Wages

Business Tries to Stop San Diego's Minimum Wage Hike


A Carl's Jr. employee gives a customer change through a drive-thru window in San Diego on Sept. 13, 2013

Photograph by Sam Hodgson/AP Photo

A Carl's Jr. employee gives a customer change through a drive-thru window in San Diego on Sept. 13, 2013

Labor activists celebrated on Aug. 18, when San Diego’s Democratic-led city council overrode a mayoral veto and raised the minimum wage to $11.50 an hour. The council also guaranteed workers as many as five days of paid sick leave a year. The vote seemed like a decisive victory over Republican Mayor Kevin Faulconer. “The city council is standing up and demonstrating that we value honest work and fair pay,” its president, Todd Gloria, said after the vote.

Yet even before the raise became city law, business groups, including the California Restaurant Association and the San Diego Regional Chamber of Commerce, were already mobilizing a campaign to reverse the council’s decision through a referendum. They created the San Diego Small Business Coalition, which is headed by Jason Roe, a political consultant to the mayor. Lobbyists, including one hired by the American Hotel & Lodging Association, have also been involved. The group has 30 days from the council’s vote—until Sept. 17—to collect the almost 34,000 signatures required to put the issue before voters. They may end up spending as much as $500,000 to pay people to canvass door-to-door and outside supermarkets. It’s too late to make the ballot for this year’s congressional midterms, so even if proponents get the necessary support, the referendum likely won’t appear on the ballot until the next general election, in 2016. Until then, the pay raise would be on hold.

Washington, D.C., passed an $11.50 wage last year; Seattle approved a $15 minimum in May. In those cities, the opposition largely dried up after the laws were enacted. San Diego, which has a conservative establishment but an increasingly liberal electorate, is a different story. “We have attracted a lot of support from national trade organizations because they have seen an opportunity in San Diego to stop this that they haven’t had in other cities,” Roe says. “Some have offered financial support, and some have offered—we’ll call it moral support.”

San Diego’s pay raise follows California’s decision to boost the statewide minimum from $8 an hour to $10 by January 2016. The city council initially considered a $13.09 minimum—the wage that the Center on Policy Initiatives, a liberal advocacy group, estimated a single adult living in San Diego without children would need to cover basic living expenses. But Gloria, the council president, agreed to lower the target to $11.50, phased in over three years, to appease business leaders.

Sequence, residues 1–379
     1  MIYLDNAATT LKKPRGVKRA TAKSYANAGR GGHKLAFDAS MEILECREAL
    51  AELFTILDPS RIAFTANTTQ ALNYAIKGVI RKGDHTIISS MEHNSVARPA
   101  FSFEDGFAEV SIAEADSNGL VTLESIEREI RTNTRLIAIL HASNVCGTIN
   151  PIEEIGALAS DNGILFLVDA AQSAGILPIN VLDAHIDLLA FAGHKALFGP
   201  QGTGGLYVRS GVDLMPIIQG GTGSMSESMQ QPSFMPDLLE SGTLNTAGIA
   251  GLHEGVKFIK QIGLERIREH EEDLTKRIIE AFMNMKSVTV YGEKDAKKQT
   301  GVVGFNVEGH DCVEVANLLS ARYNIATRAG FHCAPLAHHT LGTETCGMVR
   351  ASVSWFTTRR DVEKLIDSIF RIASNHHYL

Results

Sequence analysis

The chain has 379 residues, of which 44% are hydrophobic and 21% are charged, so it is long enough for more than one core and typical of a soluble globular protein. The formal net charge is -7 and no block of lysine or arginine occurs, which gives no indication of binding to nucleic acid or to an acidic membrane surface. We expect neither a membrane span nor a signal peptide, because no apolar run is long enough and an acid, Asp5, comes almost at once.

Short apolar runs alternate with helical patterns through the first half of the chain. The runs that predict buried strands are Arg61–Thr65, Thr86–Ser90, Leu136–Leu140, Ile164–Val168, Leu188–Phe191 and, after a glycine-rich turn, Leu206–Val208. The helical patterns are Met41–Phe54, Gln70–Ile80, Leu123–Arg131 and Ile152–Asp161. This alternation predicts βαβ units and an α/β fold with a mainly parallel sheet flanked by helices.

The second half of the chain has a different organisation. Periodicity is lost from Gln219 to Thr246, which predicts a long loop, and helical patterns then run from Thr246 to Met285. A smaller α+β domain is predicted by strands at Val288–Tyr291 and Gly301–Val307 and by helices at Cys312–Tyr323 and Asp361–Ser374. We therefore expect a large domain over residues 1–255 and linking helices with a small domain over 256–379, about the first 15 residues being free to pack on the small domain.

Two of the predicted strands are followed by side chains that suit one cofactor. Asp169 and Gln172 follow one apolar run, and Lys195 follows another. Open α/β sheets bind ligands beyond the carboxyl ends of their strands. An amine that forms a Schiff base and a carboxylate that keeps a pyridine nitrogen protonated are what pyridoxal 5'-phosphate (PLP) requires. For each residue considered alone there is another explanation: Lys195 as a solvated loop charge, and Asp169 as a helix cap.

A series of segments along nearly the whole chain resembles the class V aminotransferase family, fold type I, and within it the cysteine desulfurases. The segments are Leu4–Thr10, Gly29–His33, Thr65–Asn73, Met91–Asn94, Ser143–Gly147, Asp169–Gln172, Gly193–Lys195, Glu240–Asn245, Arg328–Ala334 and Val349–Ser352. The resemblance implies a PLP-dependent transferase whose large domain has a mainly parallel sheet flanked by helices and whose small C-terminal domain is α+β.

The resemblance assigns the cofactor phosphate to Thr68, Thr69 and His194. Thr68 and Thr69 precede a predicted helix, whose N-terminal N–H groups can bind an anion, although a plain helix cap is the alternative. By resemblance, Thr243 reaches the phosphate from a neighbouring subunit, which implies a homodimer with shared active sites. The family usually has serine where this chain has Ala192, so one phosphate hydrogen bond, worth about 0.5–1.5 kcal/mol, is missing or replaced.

It didn’t work. After Faulconer vetoed the measure in early August, Roe says the business community was “somewhat hopeful” that it could win over the one additional council member needed to defeat an override. When that tactic failed, Roe turned to pursuing a voter initiative. “We believe that there is a public will to see this on the ballot,” he says.

Supporters of the new wage law are starting a counter-campaign, urging voters to reject the ballot petition and let the statute stand. That effort is backed by Irwin Jacobs, the billionaire former chairman of Qualcomm (QCOM), who co-wrote an op-ed in the San Diego Union-Tribune asking members of the local business community not to pursue “an expensive and divisive” campaign. Rather than driving businesses away from the city, Jacobs argued, higher wages and paid sick leave will improve worker productivity and ultimately help the local economy. “Let’s not throw good money after bad,” wrote Jacobs and Mel Katz, who heads the temp agency Manpower San Diego. “Please drop the referendum threat.”

Katz, a former head of the San Diego Regional Chamber of Commerce, says he’s been asking “sympathetic” business owners for as much as $10,000 apiece to pay for mailings and leaflets distributed by Raise Up San Diego, a coalition of community groups, clergy, and unions. The group is also raising smaller amounts from its supporters and plans to send out volunteers to make sure voters aren’t “duped” by canvassers hired by the Small Business Coalition, says Robert Nothoff, a policy analyst at the Center on Policy Initiatives, who is helping run the Raise Up campaign. “We’re asking them not to sign anything, period.”

The bottom line: National groups are ponying up to put San Diego’s just-passed minimum wage law to a popular vote.

Weise_190
Weise is a reporter for Bloomberg Businessweek in New York. Follow her on Twitter @kyweise.

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